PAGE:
It’s a pop song which I feel has fully stood the test of time. Conversely, it’s really the only cut on Stranded which harked back to their previous two albums. I’ll admit that personally I think Roxy Music were a much more interesting act with Eno in the line up. It may be because Brian often managed to quell some of Ferry’s predeliction to overt romanticism, or at least disguise it somehow. On “Stranded” however, Ferry was holding on to the reins all by himself… and did a bloody good job!

Personally I’ve always been of the opinion that the rest of this album and the next two albums (“Country Life” & “Siren”) almost represented a kind of “Roxy Music Mk II”.

As if to prove my point – and to prove that Roxy Mk II could be every bit as good as Mk I – “Just Like You” is the next track. This song never fails to move me. It luxuriates in its own languid gorgeousness, Ferry’s crooning beyond reproach. The lyrics are a little bit “moon in june”-ish but he believes every single line and sings them with such conviction its impossible to criticise.

Just when Ferry has lulled you into a soporific state of mind, along comes the somewhat bizarre “Amazona“. It goes off on so many tangents, lilting and tilting here there and everywhere before almost settling on a driving rhythm at the 3-minute mark, then scaring you again with the world highest-pitched guitar solo from co-writer Phil Manzanera. An odd song, but a brilliant one.

Psalm“, closing Side 1 is alleged to be the first song Ferry ever wrote for Roxy Music back in the band’s formative stage. It starts with what sounds like a church organ overlaid with Ferry’s vocals. Slowly, drums, guitar, oboe, violin and a (real? electronic?) choir all contribute to what appears to be some kind of tribute to a multitude of different religions. The song is written – and Ferry sings it – in such a manner that it sounds like a traditional composition from the 40’s or 50’s (surely his intent?), his voice now starting to more regularly display that strange vibrato he does so well.

Side 2 opener is “Serenade“, probably my least favourite cut of the eight. The rhythm feels all wrong to me – always has – and I think the guitar solo halfway through is the only thing that vaguely redeems it.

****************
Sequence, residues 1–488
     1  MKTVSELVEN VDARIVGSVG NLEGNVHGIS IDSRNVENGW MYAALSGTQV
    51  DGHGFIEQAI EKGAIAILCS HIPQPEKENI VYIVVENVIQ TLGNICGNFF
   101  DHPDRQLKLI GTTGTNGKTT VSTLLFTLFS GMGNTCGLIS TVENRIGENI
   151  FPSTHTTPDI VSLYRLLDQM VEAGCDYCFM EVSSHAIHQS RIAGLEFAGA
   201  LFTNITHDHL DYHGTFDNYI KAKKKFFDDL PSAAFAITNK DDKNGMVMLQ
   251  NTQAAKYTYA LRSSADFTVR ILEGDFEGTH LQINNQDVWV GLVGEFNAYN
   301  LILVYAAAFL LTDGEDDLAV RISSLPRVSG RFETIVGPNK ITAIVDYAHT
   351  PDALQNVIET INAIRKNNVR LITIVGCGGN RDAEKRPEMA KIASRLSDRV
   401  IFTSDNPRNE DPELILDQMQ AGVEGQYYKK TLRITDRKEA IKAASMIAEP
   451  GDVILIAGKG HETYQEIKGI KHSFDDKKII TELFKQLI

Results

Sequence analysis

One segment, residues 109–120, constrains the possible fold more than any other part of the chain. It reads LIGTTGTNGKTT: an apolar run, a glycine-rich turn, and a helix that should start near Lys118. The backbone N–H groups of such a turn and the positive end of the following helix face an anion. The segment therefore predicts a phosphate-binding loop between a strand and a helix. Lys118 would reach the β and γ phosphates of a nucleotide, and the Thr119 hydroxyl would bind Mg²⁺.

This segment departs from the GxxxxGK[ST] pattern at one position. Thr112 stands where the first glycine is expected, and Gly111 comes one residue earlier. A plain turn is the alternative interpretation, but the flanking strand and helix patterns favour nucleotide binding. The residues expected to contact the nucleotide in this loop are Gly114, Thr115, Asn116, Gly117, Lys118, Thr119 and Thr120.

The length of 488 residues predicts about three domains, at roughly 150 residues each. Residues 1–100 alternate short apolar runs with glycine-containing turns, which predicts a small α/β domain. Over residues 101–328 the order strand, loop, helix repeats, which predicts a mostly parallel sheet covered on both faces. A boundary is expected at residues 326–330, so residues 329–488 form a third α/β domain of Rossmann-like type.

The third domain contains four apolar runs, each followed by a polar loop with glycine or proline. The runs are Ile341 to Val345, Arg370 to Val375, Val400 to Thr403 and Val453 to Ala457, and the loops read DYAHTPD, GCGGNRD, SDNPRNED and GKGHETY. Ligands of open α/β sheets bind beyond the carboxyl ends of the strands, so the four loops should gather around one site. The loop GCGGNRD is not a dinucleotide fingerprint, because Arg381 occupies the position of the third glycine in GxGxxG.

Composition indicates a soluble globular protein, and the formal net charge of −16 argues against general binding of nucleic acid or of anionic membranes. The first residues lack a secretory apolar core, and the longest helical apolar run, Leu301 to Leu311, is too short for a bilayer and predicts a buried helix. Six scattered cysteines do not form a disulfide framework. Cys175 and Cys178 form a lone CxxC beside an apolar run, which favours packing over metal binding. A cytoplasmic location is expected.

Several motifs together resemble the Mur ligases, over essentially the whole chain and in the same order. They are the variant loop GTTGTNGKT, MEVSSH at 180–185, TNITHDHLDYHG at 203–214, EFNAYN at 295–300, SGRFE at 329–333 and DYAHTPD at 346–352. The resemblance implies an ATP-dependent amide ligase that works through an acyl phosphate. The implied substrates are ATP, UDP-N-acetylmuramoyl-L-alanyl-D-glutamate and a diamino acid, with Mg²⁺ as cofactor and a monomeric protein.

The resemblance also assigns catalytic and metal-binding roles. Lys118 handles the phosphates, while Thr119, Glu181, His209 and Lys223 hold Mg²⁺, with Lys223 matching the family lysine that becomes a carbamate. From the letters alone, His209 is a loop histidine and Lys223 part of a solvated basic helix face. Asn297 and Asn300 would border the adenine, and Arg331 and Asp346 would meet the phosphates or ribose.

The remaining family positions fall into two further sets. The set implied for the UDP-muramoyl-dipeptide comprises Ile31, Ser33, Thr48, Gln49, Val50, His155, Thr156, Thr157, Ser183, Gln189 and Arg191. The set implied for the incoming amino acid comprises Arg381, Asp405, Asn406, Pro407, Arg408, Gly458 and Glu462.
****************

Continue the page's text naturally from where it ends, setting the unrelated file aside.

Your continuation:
Where “Serenade” fails, the next two cuts more than make up. “A Song for Europe” is, quite simply, a majestic work of art. Ferry’s immaculate phrasing underscored perfectly by the accompanying musicianship. The simple bass riff at the 3:24 minute mark sets up Mackay’s sax which then does battle with Ferry singing in a variety of tongues – I think it’s Latin, French and Italian? Somewhat weirdly, I often find myself muttering Ferry’s (somewhat awful) pun halfway through the number, where he alludes to Venice with “and the bridge… it sighs”

If that wasn’t enough, it’s followed by “Mother of Pearl” one of my favourite ever ‘corkers’ by Roxy Music, indeed it would almost certainly be one of my ‘Desert Island Discs‘ if I were ever invited on to the programme. Ferry’s lyrics are 100% top notch from start to finish, even if I’ve never really been certain what he’s banging on about. For me it’s just one of those songs that sounds right, if that makes sense?

Sunset” closes an almost perfect album, perfectly. It’s an ode to death, but it could just as easily be referring to the end of a lovely summer’s day. One word: GORGEOUS!

Is “Stranded” Roxy’s best album? Depends who you talk to. For me, it’s certainly the best of their output from this era, although there are cuts from both “For Your Pleasure” and “Country Life” I wish were on it too, just to selfishly make it 100% perfect.

I do think that, in 1974, I was in a weird minority of music fans. I knew lots of people at school who liked Emerson, Lake & Palmer or Roxy Music, but rarely both. It was almost as if everybody had to fit into one camp or the other. Likewise there seemed to be ‘rivalry’ between ELP and Yes fans, T.Rex & Slade fans, even Roxy Music and Bowie fans.

Me? I was just into it all.

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August 22nd 1973